Rebecca Bowe has used the same pair of dentures since the early 1980s.Bowe, 65, started losing her teeth in her 20s. One tooth went bad, then another. A dentist eventually told her she should have the rest of them pulled. At 26, she had no teeth.Bowe has shopped around for a new denture, but she can’t afford the down payment that some dentists request. One dentist suggested she get implants, but those would cost $6,000.“I need a whole new set of dentures,” said Bowe, who lives in Rand. “I don’t know what to do now.”
Bowe’s plight is shared by residents throughout the state.West Virginia Medicaid, health insurance for the poor, pays only for extractions. Medicare, government insurance for the elderly, won’t pay for anything.Many people simply have nowhere to turn to get their teeth fixed.Christy Jones, 33, is looking for a job, but she’s nervous about going for an interview. She said she needs a full set of dentures. She has only a few bottom teeth left.“The reason I don’t work is the way my mouth looks,” said the Logan County mother of two. “I’m so embarrassed.”Jones has experience as a clerical worker in the medical field. She used to work at an emergency room in Chapmanville.“Nobody wants to hire somebody who looks like they don’t take care of themselves,” she said. “I’ve got to do something.”Olivia Allen’s 35-year-old daughter, Connie, just got out of prison.She wants to work at a state park in Southern West Virginia, but she first needs an upper and lower partial denture.“When she smiles, you can see her teeth are gone,” Allen said. “She looks down a lot.”Allen believes a new set of teeth would help her daughter, who has three children, get a job.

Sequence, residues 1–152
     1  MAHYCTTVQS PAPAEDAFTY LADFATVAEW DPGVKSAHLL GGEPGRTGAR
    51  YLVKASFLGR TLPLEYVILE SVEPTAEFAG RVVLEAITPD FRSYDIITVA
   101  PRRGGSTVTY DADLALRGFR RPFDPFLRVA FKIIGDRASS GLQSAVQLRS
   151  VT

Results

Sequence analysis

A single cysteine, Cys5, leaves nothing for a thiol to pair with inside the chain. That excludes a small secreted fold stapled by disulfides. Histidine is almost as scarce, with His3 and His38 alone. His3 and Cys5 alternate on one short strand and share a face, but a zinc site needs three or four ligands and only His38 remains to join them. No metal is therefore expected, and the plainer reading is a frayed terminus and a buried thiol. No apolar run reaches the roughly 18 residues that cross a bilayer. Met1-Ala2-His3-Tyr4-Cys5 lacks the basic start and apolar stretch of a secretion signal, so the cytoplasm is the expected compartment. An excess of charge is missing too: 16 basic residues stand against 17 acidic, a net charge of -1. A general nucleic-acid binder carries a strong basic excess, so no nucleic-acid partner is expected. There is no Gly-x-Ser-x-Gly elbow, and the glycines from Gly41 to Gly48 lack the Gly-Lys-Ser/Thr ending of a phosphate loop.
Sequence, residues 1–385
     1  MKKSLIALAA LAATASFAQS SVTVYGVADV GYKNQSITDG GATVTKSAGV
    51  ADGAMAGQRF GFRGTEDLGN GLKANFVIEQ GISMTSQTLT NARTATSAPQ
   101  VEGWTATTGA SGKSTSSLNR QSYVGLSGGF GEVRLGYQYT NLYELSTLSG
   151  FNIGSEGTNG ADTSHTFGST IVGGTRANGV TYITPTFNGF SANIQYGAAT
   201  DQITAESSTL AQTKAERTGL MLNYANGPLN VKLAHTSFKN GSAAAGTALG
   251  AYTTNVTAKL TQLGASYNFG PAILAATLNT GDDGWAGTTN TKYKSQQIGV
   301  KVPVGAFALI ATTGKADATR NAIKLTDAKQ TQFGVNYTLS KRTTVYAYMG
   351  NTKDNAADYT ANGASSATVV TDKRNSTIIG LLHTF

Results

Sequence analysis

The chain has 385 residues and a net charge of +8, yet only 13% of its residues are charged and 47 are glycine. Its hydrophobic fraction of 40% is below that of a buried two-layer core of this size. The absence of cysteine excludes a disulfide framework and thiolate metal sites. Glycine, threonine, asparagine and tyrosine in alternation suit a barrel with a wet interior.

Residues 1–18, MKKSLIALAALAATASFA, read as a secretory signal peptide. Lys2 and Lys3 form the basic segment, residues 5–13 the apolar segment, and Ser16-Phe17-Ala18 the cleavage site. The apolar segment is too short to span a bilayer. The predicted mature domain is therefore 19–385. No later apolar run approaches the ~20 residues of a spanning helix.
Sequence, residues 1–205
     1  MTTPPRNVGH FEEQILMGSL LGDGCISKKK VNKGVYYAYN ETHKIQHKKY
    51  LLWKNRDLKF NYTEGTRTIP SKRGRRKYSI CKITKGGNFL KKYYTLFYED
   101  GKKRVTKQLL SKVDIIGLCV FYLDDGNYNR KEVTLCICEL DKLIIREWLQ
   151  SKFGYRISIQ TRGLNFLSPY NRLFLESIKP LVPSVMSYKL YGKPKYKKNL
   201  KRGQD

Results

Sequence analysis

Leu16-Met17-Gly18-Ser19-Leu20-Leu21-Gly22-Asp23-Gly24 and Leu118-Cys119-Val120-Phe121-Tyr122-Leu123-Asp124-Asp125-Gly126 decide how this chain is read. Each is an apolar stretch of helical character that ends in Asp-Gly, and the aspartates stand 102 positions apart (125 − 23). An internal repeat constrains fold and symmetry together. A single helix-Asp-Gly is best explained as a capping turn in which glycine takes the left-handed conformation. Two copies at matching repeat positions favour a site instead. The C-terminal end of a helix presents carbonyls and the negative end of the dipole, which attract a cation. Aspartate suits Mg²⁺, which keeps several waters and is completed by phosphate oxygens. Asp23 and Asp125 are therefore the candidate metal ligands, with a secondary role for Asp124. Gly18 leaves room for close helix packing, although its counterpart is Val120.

“She wants to change and do things differently,” Allen said. “She wants to turn her life around. It would help her so much if she could just get her teeth.”Rose Smith, 29, has a “medical card” through the state’s Medicaid program. But it will only pay to have her remaining teeth pulled, not for a full or partial denture.Smith said problems with her teeth have stopped her from getting a job.“People think I’m a lot older,” said Smith, who lives on Charleston’s West Side. “I’m afraid to smile.”Smith said the “poor choices” she made in terms of oral hygiene as a girl contributed to her dental woes. She has four children. The gas company is threatening to shut off her heat. She needs to pay the gas bill before she can even think about getting her teeth fixed.“The younger ones say, ‘You’re pretty, Mom,’” Smith said. “But I don’t feel it. There’s no help you can get.”
To contact staff writer Eric Eyre, use e-mail or call 348-4869.